OPINION: Making tax digital

Digitalisation. Image courtesy of Aker Solutions.
Digitalisation. Image courtesy of Aker Solutions.
Opinion by Gordana ScorgieIndirect Tax Director, EY.

Harnessing the power of digital for business growth needs to be adopted across the whole of your business in order to grow. That holistic approach needs to start somewhere; could that starting point be your tax function?

In 2015 the UK Government set out its vision for a transformed tax system with the headline grabbing ‘End of the Tax Return’. The Making Tax Digital (MTD) Roadmap explained how this would be achieved, with the objective of making HM Revenue and Customs (HMRC) one of the most digitally-advanced tax administrations in the world by 2020.

The MTD initiative aims to help minimise tax loss due to perceived avoidable errors and bring the tax system in line with other online service providers: i.e. providing a modern digital experience for users.

HMRC is also looking at how HMRC can make better use of the information it currently receives from third parties to provide a more transparent service for customers.

The key is to improve business record keeping through digital means and electronic submission – keeping digital records as near to ‘real time’ as possible and the electronic submission of returns.

The initial implementation schedule for MTD is as follows:

  • VAT will be mandated from April 2019 – but only for VAT registered businesses (including unincorporated businesses, companies and LLPs) which have a turnover above the VAT threshold;
  • there will be a voluntary option for the smallest businesses to join MTD; and
  • mandatory scope will not be widened to other taxes before April 2020 at the earliest.

As such, for VAT return periods starting on or after 1 April 2019, VAT registered businesses with a turnover above the VAT registration threshold will need to ensure that they:

  • keep their VAT records digitally;
  • are able to submit VAT returns electronically via an Application Programming Interface (API) with HMRC software; and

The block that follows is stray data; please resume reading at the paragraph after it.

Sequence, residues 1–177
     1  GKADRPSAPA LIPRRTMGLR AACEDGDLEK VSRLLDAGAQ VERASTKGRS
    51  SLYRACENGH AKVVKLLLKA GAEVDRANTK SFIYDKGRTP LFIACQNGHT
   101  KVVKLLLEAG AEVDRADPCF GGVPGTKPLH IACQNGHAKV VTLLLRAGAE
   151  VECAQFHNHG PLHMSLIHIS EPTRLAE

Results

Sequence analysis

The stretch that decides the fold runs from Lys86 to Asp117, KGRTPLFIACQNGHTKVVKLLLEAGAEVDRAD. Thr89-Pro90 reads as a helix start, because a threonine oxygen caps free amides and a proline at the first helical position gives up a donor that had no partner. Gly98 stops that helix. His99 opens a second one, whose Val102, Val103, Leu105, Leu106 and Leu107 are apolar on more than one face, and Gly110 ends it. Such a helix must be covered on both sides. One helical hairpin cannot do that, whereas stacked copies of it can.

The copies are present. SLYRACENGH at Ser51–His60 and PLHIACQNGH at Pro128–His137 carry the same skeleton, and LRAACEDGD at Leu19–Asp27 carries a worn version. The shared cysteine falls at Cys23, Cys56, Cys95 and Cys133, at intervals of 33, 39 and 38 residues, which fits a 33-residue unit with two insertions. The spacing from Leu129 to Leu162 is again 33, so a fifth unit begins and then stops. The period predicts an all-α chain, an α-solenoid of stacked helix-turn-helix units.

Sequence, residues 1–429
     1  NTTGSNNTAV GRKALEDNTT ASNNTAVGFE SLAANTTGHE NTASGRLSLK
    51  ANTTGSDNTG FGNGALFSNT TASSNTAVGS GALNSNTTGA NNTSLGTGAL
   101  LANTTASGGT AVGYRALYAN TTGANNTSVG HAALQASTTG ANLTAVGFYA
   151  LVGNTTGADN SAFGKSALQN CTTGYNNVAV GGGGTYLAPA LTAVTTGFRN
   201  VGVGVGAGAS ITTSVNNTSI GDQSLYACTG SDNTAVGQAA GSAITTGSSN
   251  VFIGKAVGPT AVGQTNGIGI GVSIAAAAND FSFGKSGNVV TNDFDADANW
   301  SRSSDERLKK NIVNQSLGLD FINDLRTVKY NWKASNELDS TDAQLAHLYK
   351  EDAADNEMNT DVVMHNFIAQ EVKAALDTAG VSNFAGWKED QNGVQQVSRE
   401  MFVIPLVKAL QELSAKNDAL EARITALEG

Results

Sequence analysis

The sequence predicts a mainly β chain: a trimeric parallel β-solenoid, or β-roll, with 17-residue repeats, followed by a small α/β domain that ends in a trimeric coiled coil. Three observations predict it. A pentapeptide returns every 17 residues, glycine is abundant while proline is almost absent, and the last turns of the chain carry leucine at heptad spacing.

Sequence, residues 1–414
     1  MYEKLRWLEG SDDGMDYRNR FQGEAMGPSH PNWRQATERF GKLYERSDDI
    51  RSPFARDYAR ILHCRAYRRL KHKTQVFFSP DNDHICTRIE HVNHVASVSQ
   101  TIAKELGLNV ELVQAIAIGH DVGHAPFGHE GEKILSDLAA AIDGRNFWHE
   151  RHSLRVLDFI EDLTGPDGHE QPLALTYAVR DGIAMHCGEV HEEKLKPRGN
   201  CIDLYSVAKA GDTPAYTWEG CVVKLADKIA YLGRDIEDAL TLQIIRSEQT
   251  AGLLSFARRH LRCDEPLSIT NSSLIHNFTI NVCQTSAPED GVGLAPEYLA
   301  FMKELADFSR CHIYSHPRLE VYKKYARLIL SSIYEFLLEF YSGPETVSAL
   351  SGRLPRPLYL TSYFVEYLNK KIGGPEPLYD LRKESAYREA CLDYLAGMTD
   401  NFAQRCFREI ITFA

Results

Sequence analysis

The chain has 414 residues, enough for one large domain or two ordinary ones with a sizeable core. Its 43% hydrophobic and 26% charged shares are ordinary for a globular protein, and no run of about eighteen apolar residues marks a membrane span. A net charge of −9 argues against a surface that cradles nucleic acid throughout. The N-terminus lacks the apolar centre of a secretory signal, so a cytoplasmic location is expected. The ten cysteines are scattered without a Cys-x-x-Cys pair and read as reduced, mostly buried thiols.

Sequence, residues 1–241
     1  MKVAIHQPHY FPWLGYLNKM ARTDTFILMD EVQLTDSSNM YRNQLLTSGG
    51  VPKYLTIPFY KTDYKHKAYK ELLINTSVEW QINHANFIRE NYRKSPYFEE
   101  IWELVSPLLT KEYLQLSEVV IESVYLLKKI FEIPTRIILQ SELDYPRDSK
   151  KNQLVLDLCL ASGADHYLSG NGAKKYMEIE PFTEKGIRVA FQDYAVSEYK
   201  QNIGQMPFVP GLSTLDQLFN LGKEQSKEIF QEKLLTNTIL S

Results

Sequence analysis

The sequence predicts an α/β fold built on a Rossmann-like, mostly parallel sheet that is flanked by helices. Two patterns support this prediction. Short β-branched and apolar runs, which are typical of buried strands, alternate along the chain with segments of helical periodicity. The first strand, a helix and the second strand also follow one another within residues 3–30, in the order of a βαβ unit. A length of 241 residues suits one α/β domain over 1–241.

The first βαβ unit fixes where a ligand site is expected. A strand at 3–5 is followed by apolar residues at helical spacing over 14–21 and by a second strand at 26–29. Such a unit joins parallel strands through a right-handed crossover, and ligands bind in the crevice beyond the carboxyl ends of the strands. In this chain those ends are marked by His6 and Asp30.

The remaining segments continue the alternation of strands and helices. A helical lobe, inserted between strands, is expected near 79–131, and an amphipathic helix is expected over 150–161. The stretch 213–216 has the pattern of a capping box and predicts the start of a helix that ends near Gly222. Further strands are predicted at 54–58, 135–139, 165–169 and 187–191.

• can demonstrate a clear electronic audit trail from source systems to VAT return submission.

It will no longer be possible to log onto HMRC’s VAT return website and input the VAT return figures manually. Looking forward, digital links will have to exist between functionally compatible software in which the original data is held, the return figures are calculated and the final VAT return figures submitted.

HMRC issued their public notice on MTD in July 2018 and last week published the list of software suppliers who have already demonstrated and tested their API software in HMRC’s test environment.

Compliance with the new requirements will require fundamental changes to the existing processes and systems of many businesses. Long implementation lead times and only seven months until the mandated start date, mean that there is a pressing need to act now: to identify gaps and implement any required changes.

On a global basis tax authorities in other regions such as Eastern Europe, South America and Spain are much further down the road on the digital journey.  Given the global nature of the Energy sector we have seen an upsurge in the number of Energy businesses looking beyond the April 2019 deadline and the quick fix of an API to digital tools which enable Global VAT reporting and analysis.

MTD is likely to extend to other taxes from 2020 so while the issue today is readiness, those readiness preparations must be viewed as part of the wider strategic objectives of Tax functions.

Doing nothing is not an option as HMRC has made it clear that there will not be any delays to the implementation date of 1 April 2019.

 

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